I am under the firm belief that each and every movie, even those adapted from some of the most successful and iconic books in modern history, should be judged completely autonomously. That being said, I do think the book Harry Potter and the Deathly Hallows itself might help me articulate why, as an autonomous film, this "Part One" of what will be two films based on that book completely misses the mark.
One of the aspects of the books that the movies can't capture is the amazing prose that Rowling employs. It's just as exciting as the creativity which went into the world of magic and wizardry that came from Rowling's rich imagination. The final book in the Harry Potter series, which is an excellent read, takes us down into the depths of Harry's suffering and angst, but ultimately, it provides an exciting ending of good triumphing over evil. This film stops somewhere within the doldrums of Harry's emotional agony and fear. As such, when looking at Part One alone, we're not provided with the ultimate payoff that was intended by this material.
This leads me to ask, "What's the point?" Other than the fact that this is a utilitarian gateway into the final film, Deathly Hallows Part One has no reason for existing and also no reason to be so damn ugly and sadistic. I'm not exaggerating when I say that Harry Potter and the Deathly Hallows Part One belongs alongside such unapologetically bleak movies as The Road and The White Ribbon. There's no Quidditch or Triwizard competitions or school dances to allow us to revel in the mirth of the world of witchcraft and wizardry. Harry Potter simply shouldn't merit being appropriately uttered in the same sentence as anything having to do with Cormac McCarthy or Michael Haneke. Also, it's not just that the material is unrelenting, but Yates ratchets up the savagery with the most blatantly ugly cinematography and brutal suspense which makes the admittedly naive and childish joy of the first few Harry Potter movies completely unrecognizable as precursors to this story.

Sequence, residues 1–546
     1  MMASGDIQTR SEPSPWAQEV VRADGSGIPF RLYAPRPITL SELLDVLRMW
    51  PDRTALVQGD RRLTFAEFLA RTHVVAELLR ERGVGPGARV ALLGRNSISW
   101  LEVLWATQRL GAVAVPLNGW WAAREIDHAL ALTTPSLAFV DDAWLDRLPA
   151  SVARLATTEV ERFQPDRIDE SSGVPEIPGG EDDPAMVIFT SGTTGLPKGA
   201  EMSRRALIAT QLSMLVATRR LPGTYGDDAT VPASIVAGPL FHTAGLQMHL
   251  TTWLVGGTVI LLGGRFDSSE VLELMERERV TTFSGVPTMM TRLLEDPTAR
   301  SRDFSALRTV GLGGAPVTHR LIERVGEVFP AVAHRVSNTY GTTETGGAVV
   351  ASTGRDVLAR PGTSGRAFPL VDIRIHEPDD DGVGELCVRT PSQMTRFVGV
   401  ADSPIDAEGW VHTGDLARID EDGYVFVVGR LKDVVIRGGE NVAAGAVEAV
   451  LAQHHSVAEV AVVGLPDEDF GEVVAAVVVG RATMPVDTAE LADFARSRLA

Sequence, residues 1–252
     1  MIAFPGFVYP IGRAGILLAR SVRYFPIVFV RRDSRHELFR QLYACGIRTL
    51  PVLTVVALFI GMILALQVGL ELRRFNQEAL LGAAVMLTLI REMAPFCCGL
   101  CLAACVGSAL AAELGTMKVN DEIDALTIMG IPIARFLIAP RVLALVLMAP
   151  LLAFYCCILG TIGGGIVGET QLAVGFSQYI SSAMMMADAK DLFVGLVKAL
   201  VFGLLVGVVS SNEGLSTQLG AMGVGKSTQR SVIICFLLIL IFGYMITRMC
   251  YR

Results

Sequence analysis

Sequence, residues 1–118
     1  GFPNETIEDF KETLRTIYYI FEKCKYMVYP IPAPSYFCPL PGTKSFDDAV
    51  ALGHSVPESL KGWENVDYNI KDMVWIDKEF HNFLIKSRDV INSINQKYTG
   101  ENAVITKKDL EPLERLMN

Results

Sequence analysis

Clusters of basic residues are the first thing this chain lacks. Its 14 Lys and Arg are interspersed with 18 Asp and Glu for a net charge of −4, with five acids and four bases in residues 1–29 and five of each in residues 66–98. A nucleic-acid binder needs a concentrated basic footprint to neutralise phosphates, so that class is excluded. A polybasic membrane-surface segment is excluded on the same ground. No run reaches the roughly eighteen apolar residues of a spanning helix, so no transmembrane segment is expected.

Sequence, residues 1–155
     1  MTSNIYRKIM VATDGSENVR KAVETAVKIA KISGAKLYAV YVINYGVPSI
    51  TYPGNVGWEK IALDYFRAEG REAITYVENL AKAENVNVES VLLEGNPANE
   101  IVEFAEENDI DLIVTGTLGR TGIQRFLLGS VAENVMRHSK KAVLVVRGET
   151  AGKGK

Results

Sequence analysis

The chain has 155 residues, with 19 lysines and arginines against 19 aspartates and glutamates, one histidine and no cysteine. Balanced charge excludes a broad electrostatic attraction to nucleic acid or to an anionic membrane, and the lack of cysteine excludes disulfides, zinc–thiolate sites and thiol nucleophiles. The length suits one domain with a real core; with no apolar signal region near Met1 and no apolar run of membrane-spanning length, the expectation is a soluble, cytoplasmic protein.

Rowling never intended this half of the final chapter to be told on its own. I'm not advocating that the film be six hours long so we can achieve the catharsis alongside the brutality. To be honest, I don't have a solution concerning how this movie may have worked. All I know is that the final sequence involving a CGI character from previous films is among the worst endings of any film in recent memory. The character has only one brief scene this time around before he reappears to die. He's barely a character until he instantly becomes the pivotal emotional center. That right there is a perfect example of lazy storytelling. Rowling could have ended a book with this story, making the series eight entries long, but she's way too smart a writer to allow this kind of manipulative idiocy to be the final word.
Harry Potter and the Deathly Hallows Part One will only prove a valuable entry as part of the sure to be released eight-volume Harry Potter movie box set. If one decides to spend a weekend watching all eight films in a row, then the seventh film might make sense as part of the whole. That being said, completely on its own, this seventh film is awfully trivial. That simply can't be said about any of the first six films, and knowing where the story is going, I will bet money that the final entry will treat us to the glorious payoff so dearly lacking in what is, for now, a complete waste of time.